Final Project and Twine


For my final project, I wanted to focus on pedagogy and as I said during my presentation on Thursday, I wanted to develop a unit plan for something that I hope to actually incorporate into my Freshman Composition (Eng 101/202) in the future.

My final project is an expansion of last week’s pedagogical intervention. I will be using Twine again, but will be adding to the brainstorming/mind-mapping type activity that I created to help students create questions and organize the answers to those questions.

This Unit is for the Observational Essay and it would begin with students coming to class having sat in the Oak Grove or some busy part of campus for at least 15-30 minutes and having observed what happened around them. They would then have to bring in notes from their observations. I expect that some may be organized, but many will just be random notes, which I will tell them is okay. I don’t want them bringing in anything typed or edited.

Once they are in class, we will discuss this “project” and what they found in their observations. I will want them to read from their notes. Once we discuss the differences between simply observing something and actually putting that information together into a narrative, I will introduce them to the Observational Essay, what it means, etc. For the next class, students will come to class with an idea of what type of event/activity they would like to observe on or near campus.

During the next class, students will be grouped based what type of event they would like to observe (Sports, Art, Entertainment, Music, Talk/Speech, etc.). Ideally, there will be 6 groups of 4, but if many of the students want to all observe the same type of event, then I will just group them myself. They will then go onto the class webpage/wiki, where I will have created Twine “stories”, which will be deconstructed articles (real-life published articles) that have been broken up out of order. The students, as a group will go to Twine and read through the story. They will then try to figure out the “proper” order. I will also print out the Proof copy for the students so they can more easily read how I broke up the article and re-arranged it. There’s an example of this on my website here. It’s entitled Article Example. While I have done this before by cutting out the paragraphs or articles and having students rearrange them on a table, I think that incorporating Twine so that they can read it out of order, but presented as if it’s in a proper order can make students consider how they prioritize their organization and their writing.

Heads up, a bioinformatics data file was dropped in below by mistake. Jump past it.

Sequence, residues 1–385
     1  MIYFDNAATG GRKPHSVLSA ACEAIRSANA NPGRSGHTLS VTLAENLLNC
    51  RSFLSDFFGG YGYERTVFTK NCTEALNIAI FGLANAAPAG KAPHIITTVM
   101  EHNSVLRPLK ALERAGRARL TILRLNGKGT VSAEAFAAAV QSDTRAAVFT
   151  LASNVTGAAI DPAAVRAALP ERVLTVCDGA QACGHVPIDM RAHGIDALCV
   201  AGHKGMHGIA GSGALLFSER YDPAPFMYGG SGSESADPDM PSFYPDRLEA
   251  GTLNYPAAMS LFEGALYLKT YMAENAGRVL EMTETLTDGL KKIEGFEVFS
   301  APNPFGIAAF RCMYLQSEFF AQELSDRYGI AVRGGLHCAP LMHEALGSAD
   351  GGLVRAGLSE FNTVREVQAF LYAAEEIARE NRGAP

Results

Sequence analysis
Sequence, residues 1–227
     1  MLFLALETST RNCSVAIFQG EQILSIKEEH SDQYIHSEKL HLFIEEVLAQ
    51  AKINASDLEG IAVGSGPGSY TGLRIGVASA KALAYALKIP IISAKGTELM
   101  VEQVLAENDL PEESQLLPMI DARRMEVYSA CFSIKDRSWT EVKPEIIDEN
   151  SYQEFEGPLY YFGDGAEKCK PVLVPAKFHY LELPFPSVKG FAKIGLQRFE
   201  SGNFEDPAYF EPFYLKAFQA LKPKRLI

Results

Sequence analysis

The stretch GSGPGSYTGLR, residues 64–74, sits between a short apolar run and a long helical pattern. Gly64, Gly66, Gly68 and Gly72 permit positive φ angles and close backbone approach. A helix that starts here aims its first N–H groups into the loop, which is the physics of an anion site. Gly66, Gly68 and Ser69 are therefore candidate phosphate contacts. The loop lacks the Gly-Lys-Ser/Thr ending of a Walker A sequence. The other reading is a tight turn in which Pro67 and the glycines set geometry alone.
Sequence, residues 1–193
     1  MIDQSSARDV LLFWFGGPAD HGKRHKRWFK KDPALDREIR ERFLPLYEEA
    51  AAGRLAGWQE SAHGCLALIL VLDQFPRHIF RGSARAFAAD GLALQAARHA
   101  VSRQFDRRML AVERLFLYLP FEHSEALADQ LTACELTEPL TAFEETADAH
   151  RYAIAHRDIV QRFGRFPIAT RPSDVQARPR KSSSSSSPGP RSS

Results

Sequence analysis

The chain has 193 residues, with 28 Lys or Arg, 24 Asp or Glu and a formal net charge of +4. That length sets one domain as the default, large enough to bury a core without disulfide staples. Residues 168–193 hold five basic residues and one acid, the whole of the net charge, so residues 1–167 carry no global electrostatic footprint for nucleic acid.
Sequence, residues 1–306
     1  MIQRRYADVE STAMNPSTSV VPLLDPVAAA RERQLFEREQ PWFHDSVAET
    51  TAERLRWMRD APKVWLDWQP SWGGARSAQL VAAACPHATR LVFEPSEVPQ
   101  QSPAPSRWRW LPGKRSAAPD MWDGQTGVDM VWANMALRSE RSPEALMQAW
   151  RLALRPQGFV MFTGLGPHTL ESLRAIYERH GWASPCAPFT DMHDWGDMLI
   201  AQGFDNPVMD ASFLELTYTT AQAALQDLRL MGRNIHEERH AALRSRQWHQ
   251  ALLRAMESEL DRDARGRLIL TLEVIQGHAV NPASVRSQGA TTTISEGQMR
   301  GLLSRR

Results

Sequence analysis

I imagine this would take most of the class. I would give them a brief Twine tutorial, so they could go home and students would (hopefully) be able to recreate the story using Twine (I would have to show them and they could just copy/paste from my story). The next class, they would present their new stories and explain how they reorganized the story to make sense. Finally, I would show them how the story was originally published. Hopefully, we would have time to explain how the original differed from theirs and if they think that changed the meaning of the story.

The next part would be the brainstorming/Q & A activity I discussed last week.

After that (which should only take a day and could be done for homework), students would come to class after having attended their chosen event. After completing the Q & A brainstorming, I would have them work on organizing the events and the quotes they gathered into some sort of order that makes sense. They would create their own Twine that would be a sort of rough draft. They would work on this for 2 classes and at home.